So here's an article I wrote for the Sunday Herald reflecting on the general election result. It seems to have caused some excitement. The newspaper rather mischievously suggested this was me breaking ranks and of course the right wing press have been calling this an SNP split. It isn't. There's nothing I say here regarding a second Indy referendum that is inconsistent with the party's approach over the last six months.
As ever the debate gets clouded because people (often no friends of ours) comment on what I've said, selecting bits out of context and putting their own spin on it. Other people then start commenting on what these people have said about my article rather than what I have written myself.
For instance, the right wing media are now reporting me as saying we should park Indyref. In fact I say "a second referendum remains an option" and "we should be working up the case for self-government with renewed vigour".
I do suggest that the general election might mean we get a better deal for Scotland out of Brexit than seemed possible before. But that depends on whether the UK government is prepared to listen to the Scottish government and discuss the proposals the latter has put forward. If, and only if, they do that then there's a case for pausing the timetable on Indyref2 until we see what sort of changes Brexit means and whether we are going to be forced to lump it or listened to.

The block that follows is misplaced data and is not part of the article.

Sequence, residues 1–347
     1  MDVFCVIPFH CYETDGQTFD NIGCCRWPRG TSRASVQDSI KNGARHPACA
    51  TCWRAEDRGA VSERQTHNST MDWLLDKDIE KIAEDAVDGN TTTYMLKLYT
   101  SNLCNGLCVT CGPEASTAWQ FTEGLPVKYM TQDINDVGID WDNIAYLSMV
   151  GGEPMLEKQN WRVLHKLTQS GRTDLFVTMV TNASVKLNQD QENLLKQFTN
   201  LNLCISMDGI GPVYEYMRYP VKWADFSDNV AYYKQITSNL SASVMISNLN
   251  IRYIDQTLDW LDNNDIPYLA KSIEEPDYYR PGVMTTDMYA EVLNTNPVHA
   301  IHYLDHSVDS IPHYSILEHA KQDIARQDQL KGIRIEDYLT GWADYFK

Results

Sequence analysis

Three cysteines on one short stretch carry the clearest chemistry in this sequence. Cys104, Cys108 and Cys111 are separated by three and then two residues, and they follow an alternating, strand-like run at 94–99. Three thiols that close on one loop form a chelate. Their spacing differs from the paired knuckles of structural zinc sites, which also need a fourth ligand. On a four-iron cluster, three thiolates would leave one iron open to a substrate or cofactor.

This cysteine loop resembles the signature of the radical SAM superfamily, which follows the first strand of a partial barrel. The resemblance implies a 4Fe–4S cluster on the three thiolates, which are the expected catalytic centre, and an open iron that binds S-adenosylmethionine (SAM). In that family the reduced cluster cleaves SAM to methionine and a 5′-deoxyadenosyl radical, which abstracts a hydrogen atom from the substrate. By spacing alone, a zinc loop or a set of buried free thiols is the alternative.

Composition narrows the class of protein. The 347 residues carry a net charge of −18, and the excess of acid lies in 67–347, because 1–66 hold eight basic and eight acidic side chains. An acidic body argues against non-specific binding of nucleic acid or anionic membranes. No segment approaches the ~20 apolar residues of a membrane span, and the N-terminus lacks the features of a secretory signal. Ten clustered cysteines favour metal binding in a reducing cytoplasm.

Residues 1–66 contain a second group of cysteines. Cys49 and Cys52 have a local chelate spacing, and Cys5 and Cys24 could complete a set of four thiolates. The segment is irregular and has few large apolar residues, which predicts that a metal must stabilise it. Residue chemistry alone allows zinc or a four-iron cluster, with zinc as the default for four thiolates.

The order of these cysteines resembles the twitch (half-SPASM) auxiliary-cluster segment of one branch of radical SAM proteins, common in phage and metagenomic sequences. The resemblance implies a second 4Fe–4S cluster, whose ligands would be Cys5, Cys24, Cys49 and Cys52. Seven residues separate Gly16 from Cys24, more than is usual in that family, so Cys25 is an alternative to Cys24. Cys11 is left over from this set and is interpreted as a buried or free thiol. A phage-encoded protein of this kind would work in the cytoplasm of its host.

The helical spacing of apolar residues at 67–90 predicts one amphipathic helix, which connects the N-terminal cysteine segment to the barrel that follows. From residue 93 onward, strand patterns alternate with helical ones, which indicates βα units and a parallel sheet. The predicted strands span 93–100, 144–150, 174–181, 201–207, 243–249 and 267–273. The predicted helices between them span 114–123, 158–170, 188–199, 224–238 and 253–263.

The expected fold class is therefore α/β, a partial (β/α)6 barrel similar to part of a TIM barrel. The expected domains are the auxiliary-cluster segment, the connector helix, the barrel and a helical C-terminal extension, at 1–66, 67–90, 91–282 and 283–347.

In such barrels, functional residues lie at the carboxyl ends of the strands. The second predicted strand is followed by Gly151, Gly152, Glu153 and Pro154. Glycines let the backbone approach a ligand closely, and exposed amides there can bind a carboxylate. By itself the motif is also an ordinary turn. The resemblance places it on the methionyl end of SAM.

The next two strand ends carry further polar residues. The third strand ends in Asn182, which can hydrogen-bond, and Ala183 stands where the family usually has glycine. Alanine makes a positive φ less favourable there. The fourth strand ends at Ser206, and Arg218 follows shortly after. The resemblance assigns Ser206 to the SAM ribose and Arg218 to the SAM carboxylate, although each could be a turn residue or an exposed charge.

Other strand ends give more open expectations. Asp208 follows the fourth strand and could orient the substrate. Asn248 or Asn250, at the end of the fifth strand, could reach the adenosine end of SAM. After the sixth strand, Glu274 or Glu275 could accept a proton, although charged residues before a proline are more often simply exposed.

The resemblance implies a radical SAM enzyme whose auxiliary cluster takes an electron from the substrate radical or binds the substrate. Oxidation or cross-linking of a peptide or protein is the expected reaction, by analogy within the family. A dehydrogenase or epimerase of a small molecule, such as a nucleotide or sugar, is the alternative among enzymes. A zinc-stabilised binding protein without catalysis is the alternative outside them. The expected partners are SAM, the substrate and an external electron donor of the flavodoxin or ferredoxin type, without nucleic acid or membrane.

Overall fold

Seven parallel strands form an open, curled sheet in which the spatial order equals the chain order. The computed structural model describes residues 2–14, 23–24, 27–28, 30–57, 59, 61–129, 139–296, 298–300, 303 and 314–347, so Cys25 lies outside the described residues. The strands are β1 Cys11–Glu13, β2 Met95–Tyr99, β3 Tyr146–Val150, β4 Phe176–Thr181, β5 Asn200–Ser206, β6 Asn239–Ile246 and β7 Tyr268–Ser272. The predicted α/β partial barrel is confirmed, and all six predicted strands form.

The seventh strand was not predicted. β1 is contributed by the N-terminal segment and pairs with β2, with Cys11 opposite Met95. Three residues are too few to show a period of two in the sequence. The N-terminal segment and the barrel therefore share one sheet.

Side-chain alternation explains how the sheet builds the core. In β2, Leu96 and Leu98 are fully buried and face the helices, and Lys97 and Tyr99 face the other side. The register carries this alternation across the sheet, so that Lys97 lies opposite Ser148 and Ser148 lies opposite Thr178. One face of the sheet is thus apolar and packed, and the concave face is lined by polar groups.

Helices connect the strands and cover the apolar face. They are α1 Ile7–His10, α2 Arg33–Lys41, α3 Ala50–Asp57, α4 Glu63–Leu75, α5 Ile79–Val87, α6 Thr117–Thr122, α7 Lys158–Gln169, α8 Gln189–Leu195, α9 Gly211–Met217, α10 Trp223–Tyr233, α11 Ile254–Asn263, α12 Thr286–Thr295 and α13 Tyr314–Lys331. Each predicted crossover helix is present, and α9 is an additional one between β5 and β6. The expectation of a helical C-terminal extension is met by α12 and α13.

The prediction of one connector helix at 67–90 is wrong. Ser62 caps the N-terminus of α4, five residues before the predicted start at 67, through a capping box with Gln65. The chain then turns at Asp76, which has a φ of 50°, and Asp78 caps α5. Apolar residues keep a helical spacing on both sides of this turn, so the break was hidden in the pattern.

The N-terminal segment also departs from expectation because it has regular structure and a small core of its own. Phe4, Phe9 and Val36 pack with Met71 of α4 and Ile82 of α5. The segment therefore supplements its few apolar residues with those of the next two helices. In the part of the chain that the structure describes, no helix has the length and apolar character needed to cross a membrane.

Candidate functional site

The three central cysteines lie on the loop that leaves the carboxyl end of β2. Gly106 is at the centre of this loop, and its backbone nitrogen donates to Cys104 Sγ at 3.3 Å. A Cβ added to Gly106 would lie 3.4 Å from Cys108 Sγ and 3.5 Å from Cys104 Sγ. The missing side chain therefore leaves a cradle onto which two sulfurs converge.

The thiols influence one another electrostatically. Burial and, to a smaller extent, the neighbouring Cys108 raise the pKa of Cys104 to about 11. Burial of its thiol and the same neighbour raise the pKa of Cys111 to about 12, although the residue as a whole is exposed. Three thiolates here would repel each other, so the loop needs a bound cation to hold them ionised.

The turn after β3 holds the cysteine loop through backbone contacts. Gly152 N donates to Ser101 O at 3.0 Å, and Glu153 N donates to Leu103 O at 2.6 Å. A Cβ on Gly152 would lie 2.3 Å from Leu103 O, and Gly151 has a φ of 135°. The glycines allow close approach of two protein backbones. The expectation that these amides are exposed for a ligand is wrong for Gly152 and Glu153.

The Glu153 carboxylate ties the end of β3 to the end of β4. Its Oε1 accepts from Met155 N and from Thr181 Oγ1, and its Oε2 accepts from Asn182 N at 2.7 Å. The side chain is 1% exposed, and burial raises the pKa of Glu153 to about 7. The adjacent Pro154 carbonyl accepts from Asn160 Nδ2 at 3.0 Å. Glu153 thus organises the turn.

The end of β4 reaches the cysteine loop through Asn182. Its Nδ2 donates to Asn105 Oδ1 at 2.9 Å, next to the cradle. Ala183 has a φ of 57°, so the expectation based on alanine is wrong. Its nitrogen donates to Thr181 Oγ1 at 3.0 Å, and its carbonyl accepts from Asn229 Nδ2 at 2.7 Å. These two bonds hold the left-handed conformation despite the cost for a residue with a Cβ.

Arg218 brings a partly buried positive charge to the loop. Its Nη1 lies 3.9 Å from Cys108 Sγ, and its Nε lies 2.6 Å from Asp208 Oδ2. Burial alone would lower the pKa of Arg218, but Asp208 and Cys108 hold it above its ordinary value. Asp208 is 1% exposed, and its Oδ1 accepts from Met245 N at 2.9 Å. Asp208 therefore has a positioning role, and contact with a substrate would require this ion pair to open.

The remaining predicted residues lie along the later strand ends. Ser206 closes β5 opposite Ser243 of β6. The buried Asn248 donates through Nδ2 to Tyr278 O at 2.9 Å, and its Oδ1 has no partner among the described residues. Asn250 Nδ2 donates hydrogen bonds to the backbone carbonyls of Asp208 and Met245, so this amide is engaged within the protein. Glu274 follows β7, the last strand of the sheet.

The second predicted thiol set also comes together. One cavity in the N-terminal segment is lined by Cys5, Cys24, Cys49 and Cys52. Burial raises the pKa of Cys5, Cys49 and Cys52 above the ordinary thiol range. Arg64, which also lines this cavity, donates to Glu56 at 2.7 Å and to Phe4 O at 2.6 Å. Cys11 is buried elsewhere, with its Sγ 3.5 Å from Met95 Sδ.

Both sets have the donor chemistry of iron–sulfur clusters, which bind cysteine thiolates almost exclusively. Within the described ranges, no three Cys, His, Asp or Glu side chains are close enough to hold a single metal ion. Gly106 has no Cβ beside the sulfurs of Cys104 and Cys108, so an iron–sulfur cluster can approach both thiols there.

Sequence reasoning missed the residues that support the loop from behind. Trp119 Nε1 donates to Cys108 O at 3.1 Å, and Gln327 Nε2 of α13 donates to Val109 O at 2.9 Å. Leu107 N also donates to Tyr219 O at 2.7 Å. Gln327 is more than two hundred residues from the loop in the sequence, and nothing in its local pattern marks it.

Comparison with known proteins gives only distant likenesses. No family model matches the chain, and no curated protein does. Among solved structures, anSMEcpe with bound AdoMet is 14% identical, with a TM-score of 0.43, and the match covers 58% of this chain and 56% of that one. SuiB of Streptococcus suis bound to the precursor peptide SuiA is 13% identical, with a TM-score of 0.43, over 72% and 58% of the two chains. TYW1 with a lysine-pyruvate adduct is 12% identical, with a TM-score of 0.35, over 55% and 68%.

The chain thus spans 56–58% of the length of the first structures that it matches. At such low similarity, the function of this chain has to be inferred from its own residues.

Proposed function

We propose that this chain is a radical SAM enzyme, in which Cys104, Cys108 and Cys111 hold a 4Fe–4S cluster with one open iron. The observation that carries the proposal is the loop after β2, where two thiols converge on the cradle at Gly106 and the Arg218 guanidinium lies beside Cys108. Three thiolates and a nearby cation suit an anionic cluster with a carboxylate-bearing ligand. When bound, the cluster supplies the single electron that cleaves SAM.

And as I say here "If, however, Ms May maintains a blinkered and belligerent stance then the stand-off continues – only with the odds more in our favour than they were in March." The ball is very much in David Mundell and Theresa May's court.
The opinions in this article are personal and are a contribution to a discussion that all of us in the SNP and the wider independence movement need to have over the coming weeks and months. And as with any good and thoughtful discussion I will probably refine and develop my thinking on this as we go along.
The SNP won the election in Scotland and were it not for the tsunami of 2015 pundits would be hailing an historic landmark victory. 35 out of 59 ain’t bad, especially on 37% of the vote. But this result is a distortion of the first past the post system.
Turnout was down. A quarter of a million fewer people voted than in 2015. Yet we mislaid nearly half a million votes. A third. Our vote share fell by a quarter and we lost a third of our seats. More to the point, we won a swathe of others with wafer thin majorities and most of the seats we won should now be regarded as marginal. Two years ago we had more than 50% of the votes in 35 seats – today not one.